NPR logo A Trip Down the Yellow Brick Road

A Trip Down the Yellow Brick Road

Theo Balcomb, age 4. family photo hide caption

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The Wizard of Oz is celebrating its 70th anniversary this year. My parents tell me it was the first movie I ever saw, though I don't remember actually seeing it for the first time. Somehow, it seems to have always been part of my consciousness. It's not surprising. It completely overloaded my senses. The first scenes of the swirling tornado, the wooden doors banging and the hay bales rolling. The shock of Oz with scads of smiling, shiny people, brilliant yellows and greens, a falling shingled house and striped stockings. When it felt like it was all too much to handle, there was the soothing voice of Glinda. She was the epitome of calm, cool and collected. But all that was interrupted by the overwhelming terror of the Wicked Witch of the West. She petrified me to the point that I could not go into a dark room without hearing her signature cackle or seeing her in my mind, zooming through my brain on her broom.

I identified most with Dorothy. And by identified, I mean that I thought I WAS her. The hair alone was a dead giveaway. But then I had the ruby slippers, the ribbons and the light blue ankle socks. I also had something extra special. I had my own blue gingham dress. My mom made it for me for Halloween, really made it, stitched it carefully and perfectly. Then I got my braids and my basket and I was ready to go.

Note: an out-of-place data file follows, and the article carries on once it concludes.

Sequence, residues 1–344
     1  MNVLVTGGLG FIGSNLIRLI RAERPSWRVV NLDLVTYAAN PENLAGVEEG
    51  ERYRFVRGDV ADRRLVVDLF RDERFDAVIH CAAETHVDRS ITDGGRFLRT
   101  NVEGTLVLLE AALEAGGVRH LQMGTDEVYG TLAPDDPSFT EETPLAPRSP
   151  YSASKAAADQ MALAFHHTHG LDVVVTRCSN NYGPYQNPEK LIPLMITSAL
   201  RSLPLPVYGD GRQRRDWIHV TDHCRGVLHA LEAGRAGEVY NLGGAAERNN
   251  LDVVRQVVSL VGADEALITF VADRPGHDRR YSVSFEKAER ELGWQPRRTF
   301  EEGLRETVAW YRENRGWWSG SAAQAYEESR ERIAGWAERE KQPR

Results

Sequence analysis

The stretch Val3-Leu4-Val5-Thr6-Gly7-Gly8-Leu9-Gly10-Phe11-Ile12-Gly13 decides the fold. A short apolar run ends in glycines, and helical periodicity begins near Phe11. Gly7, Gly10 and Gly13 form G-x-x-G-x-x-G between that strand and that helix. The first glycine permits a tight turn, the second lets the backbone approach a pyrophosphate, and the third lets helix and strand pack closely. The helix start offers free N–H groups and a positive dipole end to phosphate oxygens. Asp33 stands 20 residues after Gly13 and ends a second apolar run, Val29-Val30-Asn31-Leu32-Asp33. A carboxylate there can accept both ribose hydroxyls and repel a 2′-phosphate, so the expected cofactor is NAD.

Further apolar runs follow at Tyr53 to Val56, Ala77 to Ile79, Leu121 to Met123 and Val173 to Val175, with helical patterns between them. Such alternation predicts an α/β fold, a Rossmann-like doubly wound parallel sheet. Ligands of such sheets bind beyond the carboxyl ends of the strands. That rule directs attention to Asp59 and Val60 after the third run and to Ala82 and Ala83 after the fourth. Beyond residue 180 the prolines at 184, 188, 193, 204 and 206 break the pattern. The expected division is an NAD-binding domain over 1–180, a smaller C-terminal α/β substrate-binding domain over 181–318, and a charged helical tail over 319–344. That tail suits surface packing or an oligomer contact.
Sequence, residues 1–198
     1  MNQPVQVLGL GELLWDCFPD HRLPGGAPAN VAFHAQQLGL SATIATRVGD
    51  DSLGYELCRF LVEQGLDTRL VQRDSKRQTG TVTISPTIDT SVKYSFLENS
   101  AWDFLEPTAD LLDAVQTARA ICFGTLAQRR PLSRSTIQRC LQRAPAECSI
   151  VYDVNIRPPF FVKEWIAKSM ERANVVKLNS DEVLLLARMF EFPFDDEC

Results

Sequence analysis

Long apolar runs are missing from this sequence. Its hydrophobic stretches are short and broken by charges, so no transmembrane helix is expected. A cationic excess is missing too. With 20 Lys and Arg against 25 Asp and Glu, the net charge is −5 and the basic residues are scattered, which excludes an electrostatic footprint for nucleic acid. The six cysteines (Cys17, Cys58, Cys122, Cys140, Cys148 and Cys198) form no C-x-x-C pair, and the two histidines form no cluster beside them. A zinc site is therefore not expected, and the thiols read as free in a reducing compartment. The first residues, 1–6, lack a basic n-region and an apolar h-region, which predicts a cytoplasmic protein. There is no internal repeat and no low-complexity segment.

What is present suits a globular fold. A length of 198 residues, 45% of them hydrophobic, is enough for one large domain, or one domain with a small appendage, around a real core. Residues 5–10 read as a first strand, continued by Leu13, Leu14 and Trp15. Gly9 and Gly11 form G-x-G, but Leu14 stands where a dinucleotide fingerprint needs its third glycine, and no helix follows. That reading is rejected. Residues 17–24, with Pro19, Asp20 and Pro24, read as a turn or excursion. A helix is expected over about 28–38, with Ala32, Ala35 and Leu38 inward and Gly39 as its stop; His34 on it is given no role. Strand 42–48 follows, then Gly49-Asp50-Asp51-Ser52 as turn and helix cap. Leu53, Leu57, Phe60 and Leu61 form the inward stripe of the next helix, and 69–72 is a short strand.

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This weekend, we'll interview the president of the International Wizard of Oz Club. We'll even hear from one of the actors who played a Munchkin in the film. He's 94. In preparation, I'm curious about what you all remember about the movie. I know I'm not alone in my desire, every now and then, to slip into my ruby shoes and skip down the yellow brick road. What are your memories of watching the film? Let us know what you remember about the merry old Land of Oz.

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